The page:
"The Night of the Winged Terror (Part 2)"
Written by Marvin J. Chomsky
Directed by Ken Pettus
Directed by Ken Pettus
Synopsis: West and Harper race to stop Raven's plot to kill a Mexican official--but West has actually been brainwashed to carry out the deed! Harper must foil this plan and use his talent for disguise to infiltrate Raven's headquarters and save his partner.
Trey: This second part makes for an entertaining hour of television, but I feel like it's a little bit less accomplished than part 1. Mainly, this is in the fact that there's that "escape, capture, repeat" loop that tends to bother you more than me, but I'm not completely immune to getting tired of it. What makes it a bit egregious is it relies on our heroes acting dumb. West is so certain he hasn't been brainwashed with little reason. Ok, you could say that is part of the brainwashing, and Harper isn't fooled--but you've still got West beating around the push with putting his hands on Tycho (it wouldn't have matter, invisible screen and all, but West doesn't know that), and then Harper and West snatch defeat from the jaws of victory by setting off an explosion when the cabal has barely left the room!
Jim: Yes, this episode spins its wheels a bit. It's like the writer didn't know how to utilize the expanded format, so the fell back on their old standbys. Part of that might be the need to accommodate all the unnecessary second bananas that work under Tycho. Additionally, Tycho's plan never gets expanded in any meaningful way. In a James Bond movie, the villain's machinations are usually steps that build up to a master plan. Here, they are all the same, and done to demonstrate Raven's power--for some reason. The final capture/escape combo with Tycho's glass shield was just stupid.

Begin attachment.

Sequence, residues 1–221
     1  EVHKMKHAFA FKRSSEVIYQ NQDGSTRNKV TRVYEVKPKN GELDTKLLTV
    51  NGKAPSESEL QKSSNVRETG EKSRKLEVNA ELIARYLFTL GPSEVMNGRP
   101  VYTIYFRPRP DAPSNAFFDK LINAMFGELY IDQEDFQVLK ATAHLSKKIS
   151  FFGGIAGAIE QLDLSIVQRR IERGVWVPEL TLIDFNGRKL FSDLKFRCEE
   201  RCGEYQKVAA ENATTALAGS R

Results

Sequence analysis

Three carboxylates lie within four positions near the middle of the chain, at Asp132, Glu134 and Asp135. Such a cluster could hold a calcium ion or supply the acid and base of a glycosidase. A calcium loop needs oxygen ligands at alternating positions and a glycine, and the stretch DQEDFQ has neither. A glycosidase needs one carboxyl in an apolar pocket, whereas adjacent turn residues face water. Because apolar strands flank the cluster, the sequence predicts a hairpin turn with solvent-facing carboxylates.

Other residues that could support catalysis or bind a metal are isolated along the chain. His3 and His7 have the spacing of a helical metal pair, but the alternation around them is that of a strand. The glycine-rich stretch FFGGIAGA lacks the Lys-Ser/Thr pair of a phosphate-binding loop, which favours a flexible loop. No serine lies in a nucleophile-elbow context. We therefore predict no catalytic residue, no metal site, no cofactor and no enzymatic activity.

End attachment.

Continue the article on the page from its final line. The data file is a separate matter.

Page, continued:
Overall, this was a disappointing follow up to the first installment, with Schallert's spots providing the most enjoyment to me.
Trey: There was dumb to go around to other characters, too. Tycho is pretty gullible for a guy supposedly as smart as he is. Then there's Laurette being so certain West is on her side after he had just been brainwashed by them.
Jim: Did you notice when Laurette is giving James the hard sell on Tycho, you can see the classic rock formation from the Star Trek episode "Arena" prominently in the background?
Trey: Yep, that's Vasquez Rocks.
Jim: I'm glad they selected Michele Carey to be the femme fatale in these episodes. She has a distinctive lilt to her voice that makes her delivery a pleasure to listen to. It was probably that voice that won her the role of Effie in another Robert Conrad series, A Man Called Sloane.
Trey: It feels a bit like Tycho was being positioned to be a replacement Loveless. His plots more resemble some other villains of the week, but he has the eccentric character and unusual physicality of a Loveless.
Jim: Unfortunately, Christopher Cary doesn't have any of the personal charm or elegant elocution that Michael Dunn possesses. Tycho is more like one of those forgettable one off Batman villains that might show up between Joker and Catwoman episodes.